Marion's first job out of college was teaching high school domestic science in Saginaw Michigan.  Then she came back east and took courses at Columbia Teachers College for 2 years.    Her skills caught the attention of the philanthropist Helen Gould (daughter of Jay Gould) who hired her teach nutritional cooking classes for women in Roxbury New York during the summer of 1912.  She worked for Helen Gould all year, helping with setting up a new organization's chapter, the Campfire Girls, in Irvington New York and typing a book of sermons for a minister there.  When not working, she would be back home in Gaylordsville Connecticut.  Her parents were now living in her Helsten-grandparents' former home just over the Housatonic River from Robert Edward Dakin who was back at his parents' home working on the Bulls Bridge Power Plant addition.
Wedding of Marion Evans and Robert Edward Dakin, 1913

Marion and Robert Married on 13 September 1913 in Gaylordsville.  Rob was and engineer working projects around the state.  So, they would set up house-keeping and when the job required that they move, they did.  So they had three children born in three different towns. Robert Edward Jr was born in Danbury on 15 May 1915, dying the next day.  Theodore Robert was born in New Haven on 11 November 1916.  Edward Evans was born in Derby on 28 January 1918.  In August 1918 the family had moved again, this time back to Danbury so Rob could work on the dam at Stevenson over the Housatonic River.

Marion's busy daily life with children and running the household was abruptly disrupted by the flu pandemic that was sweeping all over the world.  On Saturday 30 November, Rob got sick.  Marion had two young children -- a two year old and a 10 month old along with a sick husband.  She sends her older child to stay with Aunt Mary in Gaylordsville and her mother Carrie Helsten Evans comes down to help.  By Wednesday 4 December, her son Edward was sick, as was her mother Carrie.  On Tuesday 10 December, her mother Carrie dies, the next day, her son Edward Evans died and on Thursday there was a double funeral.  The next Monday, her husband Rob died.  So, in 5 days, Marion lost her mother, son and husband to the flu -- she was now a 32 year old widow with a two year old son -- her life had dramatically changed.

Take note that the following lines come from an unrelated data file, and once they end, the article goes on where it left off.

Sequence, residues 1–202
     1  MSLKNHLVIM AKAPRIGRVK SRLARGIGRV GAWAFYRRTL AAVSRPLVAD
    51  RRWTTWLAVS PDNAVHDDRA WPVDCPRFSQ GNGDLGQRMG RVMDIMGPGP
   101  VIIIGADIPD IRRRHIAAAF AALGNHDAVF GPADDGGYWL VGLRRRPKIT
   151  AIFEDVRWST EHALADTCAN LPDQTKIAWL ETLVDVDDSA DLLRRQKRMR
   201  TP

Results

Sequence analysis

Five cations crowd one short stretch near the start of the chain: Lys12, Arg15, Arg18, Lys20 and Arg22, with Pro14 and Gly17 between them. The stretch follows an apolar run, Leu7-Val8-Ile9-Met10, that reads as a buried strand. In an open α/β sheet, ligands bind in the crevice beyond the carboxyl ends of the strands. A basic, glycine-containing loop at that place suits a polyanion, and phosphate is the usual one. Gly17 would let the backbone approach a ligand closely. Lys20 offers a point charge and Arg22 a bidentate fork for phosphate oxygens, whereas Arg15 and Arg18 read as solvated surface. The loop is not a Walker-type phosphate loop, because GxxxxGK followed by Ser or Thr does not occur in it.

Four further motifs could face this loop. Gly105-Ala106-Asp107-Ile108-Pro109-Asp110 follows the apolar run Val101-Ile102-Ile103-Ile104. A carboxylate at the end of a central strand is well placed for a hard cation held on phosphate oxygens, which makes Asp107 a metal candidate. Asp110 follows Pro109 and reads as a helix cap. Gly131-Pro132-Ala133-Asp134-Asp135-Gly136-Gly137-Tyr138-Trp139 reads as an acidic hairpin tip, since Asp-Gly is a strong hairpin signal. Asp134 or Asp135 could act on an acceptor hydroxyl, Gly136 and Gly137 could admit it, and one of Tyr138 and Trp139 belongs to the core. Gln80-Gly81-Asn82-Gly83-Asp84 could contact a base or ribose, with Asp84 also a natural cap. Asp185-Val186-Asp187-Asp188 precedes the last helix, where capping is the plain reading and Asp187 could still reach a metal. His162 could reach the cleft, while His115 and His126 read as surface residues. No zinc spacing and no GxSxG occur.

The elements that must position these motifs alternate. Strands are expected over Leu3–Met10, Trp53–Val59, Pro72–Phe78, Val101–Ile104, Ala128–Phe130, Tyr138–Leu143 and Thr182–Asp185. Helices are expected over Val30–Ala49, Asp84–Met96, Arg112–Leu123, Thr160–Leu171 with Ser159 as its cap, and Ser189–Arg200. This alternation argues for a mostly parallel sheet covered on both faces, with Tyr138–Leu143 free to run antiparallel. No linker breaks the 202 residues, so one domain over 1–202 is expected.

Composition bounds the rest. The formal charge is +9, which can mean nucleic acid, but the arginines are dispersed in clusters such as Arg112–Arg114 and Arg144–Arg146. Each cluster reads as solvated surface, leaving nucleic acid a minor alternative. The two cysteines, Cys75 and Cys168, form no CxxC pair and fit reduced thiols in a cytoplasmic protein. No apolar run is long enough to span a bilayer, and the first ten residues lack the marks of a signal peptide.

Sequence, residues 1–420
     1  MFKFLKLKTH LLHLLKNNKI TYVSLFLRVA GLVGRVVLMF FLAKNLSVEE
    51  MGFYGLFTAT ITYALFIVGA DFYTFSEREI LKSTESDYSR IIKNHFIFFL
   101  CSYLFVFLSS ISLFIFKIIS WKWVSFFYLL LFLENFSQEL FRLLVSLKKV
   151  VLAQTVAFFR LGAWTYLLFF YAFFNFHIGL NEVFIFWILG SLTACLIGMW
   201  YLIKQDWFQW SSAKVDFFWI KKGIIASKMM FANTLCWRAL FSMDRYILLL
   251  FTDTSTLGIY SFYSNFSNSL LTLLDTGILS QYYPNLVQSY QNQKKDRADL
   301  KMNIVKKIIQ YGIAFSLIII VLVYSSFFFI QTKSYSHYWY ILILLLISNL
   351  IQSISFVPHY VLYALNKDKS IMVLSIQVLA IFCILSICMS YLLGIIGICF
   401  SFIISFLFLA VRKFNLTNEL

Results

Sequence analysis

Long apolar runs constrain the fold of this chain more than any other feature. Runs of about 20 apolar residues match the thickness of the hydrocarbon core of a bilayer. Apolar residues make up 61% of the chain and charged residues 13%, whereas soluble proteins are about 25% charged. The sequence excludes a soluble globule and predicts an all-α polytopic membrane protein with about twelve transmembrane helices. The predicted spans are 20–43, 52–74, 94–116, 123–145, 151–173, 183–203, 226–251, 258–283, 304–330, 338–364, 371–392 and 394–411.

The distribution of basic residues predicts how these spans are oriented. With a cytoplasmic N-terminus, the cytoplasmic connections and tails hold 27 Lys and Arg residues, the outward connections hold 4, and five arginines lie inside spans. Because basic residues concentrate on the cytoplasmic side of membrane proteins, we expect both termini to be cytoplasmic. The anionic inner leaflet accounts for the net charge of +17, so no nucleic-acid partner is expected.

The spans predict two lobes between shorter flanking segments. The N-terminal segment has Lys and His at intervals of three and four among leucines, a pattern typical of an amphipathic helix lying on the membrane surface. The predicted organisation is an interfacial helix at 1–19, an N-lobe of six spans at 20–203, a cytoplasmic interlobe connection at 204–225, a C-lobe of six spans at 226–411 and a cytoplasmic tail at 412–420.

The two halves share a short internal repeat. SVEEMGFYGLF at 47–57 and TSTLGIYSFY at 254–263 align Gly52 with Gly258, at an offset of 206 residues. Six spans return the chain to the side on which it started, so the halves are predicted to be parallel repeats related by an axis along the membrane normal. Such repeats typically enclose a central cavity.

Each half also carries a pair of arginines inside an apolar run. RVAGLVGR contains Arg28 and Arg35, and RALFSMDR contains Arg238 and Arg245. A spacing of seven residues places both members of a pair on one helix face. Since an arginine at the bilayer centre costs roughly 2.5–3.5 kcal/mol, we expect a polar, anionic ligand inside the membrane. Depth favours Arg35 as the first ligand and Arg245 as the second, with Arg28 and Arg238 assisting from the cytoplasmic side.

She initially moved back to her father's home to decide what to do; he had lost his wife, son-in-law and grandson with all those deaths but they had no time to grieve.  Marion needed to go back to work, she had a son to raise.  What to do next?   In 1918 there wasn't social security for a widow raising a child.  Luckily she already had some education to build upon.  Probably not true for many other families who were devastated by the Influenza Pandemic.

Marion decided to go to the University of Chicago for courses in nutrition during the 1919 spring  term with her father going along as "baby tender" -- so Marion, son Ted and her father Charles traveled from Connecticut to Chicago and moved in with her sister Clarice who was teaching industrial arts at the Laboratory School there.
Marion at Pratt Institute

After a quarter at U of C, Marion was hired at her alma mater, Pratt Institute, to teach home economics.  Off they all go to Brooklyn New York -- Marion taught at Pratt for two years before being hired by Connecticut Agricultural College (now U Connecticut) as Connecticut's first Extension Nutritionist in February 1921.  She retired from U Conn in July 1946.  Her son Ted grew up on the Storrs campus with students who would trade child care for room & board. 

In her job, she was writing extension bulletins on food preparation and also giving talks to local groups and large Expositions and State & County fairs all over the state of Connecticut.  


You already know she had taken many courses and many different schools.  She decided to take a leave of absence for a semester and enrolled as a student in the college where she was on the faculty and completed her bachelors degree in teacher training in home economics -- graduating from Connecticut Agricultural College on 9 June 1930.